south of the border
Peru, Chili, LaPaz, Mexico......who hasn't driven up and down US 31 in Indiana and wondered if they somehow crossed the border? Or driven past this sign and said, hey, we're only a half mile from Mexico!
Yesterday while traveling, uh, south, I decided on my return trip I would make a short side-trip to Mexico. I remember doing this once before-a long time ago-and visiting this little town on Old 31, now, and maybe originally known as the Mexico Road. Mexico was founded in 1834 by the Wilkinson brothers who believed its location on the west bank of the Eel River was a profitable location to start a town. All of Mexico consists of about two downtown blocks and a handful of churches that want to let passers-by on US 31 know that they are welcome.
Do you ever get that urge while driving 31 to just pull over and visit a church? Evidently some of you do because I see this marketing plan used in a number of small towns.
There was a building that clearly was a bank on the southwest corner (1914), replaced by a newer bank on the southeast corner, now converted to the volunteer fire department's training facility. There was a small, well-kept little commercial block on the northeast corner; it has a small walk-up window like an old-fashioned Dairy Queen. The proprietor of this building came out to greet me. Not many folks stop and take pictures in Mexico, I'm sure. He asked if I knew what was going on with the building across the street. I told him I was a multi-millionaire and planned to drop some significant cash into it, then I said, no, just stopped through to take photos.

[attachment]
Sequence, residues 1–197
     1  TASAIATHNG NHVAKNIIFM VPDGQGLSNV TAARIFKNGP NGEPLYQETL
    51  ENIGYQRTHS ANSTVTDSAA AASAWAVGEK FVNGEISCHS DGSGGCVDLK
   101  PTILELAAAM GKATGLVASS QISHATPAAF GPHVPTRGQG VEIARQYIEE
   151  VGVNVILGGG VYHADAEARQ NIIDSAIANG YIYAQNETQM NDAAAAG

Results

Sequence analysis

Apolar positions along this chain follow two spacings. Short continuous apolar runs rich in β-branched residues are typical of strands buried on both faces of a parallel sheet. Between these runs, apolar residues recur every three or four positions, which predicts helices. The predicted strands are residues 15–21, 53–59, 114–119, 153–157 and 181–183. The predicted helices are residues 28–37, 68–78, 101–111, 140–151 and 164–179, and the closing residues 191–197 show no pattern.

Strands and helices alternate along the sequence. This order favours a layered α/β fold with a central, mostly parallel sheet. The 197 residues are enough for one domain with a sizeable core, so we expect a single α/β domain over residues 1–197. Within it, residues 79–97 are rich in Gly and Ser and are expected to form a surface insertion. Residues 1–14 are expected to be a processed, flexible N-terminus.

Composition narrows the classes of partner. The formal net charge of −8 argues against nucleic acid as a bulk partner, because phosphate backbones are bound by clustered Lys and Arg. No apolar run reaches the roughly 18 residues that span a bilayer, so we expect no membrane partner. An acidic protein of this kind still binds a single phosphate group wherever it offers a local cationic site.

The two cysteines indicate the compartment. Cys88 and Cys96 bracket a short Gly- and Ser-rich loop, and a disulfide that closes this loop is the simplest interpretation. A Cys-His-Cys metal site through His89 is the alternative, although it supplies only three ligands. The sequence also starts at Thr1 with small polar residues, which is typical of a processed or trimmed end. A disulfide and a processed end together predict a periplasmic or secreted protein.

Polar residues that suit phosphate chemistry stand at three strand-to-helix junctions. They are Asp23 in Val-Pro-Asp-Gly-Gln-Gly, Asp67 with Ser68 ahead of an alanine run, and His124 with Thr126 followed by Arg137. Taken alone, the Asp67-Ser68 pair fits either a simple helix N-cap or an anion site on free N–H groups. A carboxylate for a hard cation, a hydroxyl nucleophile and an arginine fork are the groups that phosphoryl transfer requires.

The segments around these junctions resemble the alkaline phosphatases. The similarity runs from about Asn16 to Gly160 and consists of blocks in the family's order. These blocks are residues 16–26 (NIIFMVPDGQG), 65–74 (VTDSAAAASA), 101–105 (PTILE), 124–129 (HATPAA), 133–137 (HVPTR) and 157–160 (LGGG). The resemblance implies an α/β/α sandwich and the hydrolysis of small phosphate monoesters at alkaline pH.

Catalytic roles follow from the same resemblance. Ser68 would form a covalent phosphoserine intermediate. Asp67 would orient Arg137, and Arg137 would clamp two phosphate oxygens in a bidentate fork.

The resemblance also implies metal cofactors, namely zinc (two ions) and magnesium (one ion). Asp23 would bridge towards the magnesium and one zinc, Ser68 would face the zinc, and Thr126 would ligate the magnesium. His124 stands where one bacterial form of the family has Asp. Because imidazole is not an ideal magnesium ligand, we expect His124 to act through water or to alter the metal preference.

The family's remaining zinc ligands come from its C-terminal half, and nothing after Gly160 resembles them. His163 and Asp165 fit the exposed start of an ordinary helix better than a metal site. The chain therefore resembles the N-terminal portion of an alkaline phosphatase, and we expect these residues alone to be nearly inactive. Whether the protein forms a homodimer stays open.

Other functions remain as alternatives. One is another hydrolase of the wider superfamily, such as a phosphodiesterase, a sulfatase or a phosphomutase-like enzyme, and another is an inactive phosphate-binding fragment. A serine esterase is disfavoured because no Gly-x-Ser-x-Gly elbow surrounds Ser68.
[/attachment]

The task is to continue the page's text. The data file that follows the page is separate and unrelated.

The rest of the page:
The block of commercial buildings across the street (northwest corner if you are keeping track geographically) had clearly seen better days but probably best represented the wealth of Mexico's past. What struck me was the main building, the joint venture between Mexico's Masonic and Odd Fellows' Lodges in 1889. They must have gotten along better than Kiwanis and Rotarians do today. The brickwork in the top of the building was unusual and maybe the most striking feature was the wood-crafted building sign board. Typically these were made out of some form of metal-usually zinc, or limestone. But the brotherhoods of Mexico chose to create their sign boards out of wood with raised wood details and carved wood lettering. Unfortunately a great deal of the wood details are falling victim to time and neglect. All four buildings in this business block were vacant and the curious proprietor told me most of them had some level of roof failure.
I personally don't like to see any community lose its architectural identity. If Mexico lost these, how would you know you were in Mexico?